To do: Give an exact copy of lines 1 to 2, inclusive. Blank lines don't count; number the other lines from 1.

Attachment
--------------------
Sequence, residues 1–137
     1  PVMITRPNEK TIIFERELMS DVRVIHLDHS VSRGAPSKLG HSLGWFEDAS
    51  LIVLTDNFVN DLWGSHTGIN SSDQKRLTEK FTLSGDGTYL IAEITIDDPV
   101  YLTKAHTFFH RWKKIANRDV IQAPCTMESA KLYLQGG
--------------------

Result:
Sequence, residues 1–137
     1  PVMITRPNEK TIIFERELMS DVRVIHLDHS VSRGAPSKLG HSLGWFEDAS